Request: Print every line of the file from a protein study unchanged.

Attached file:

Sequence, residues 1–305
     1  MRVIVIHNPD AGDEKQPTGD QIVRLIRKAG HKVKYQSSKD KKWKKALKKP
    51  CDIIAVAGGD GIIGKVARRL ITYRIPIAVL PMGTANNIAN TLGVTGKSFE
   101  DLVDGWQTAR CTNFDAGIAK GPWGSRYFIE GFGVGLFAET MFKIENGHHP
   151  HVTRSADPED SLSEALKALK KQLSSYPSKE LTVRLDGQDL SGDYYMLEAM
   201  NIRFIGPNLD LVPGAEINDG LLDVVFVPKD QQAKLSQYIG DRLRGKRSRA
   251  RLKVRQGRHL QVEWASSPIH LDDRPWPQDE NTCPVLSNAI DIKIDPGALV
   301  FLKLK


Sequence, residues 1–305
     1  MRVIVIHNPD AGDEKQPTGD QIVRLIRKAG HKVKYQSSKD KKWKKALKKP
    51  CDIIAVAGGD GIIGKVARRL ITYRIPIAVL PMGTANNIAN TLGVTGKSFE
   101  DLVDGWQTAR CTNFDAGIAK GPWGSRYFIE GFGVGLFAET MFKIENGHHP
   151  HVTRSADPED SLSEALKALK KQLSSYPSKE LTVRLDGQDL SGDYYMLEAM
   201  NIRFIGPNLD LVPGAEINDG LLDVVFVPKD QQAKLSQYIG DRLRGKRSRA
   251  RLKVRQGRHL QVEWASSPIH LDDRPWPQDE NTCPVLSNAI DIKIDPGALV
   301  FLKLK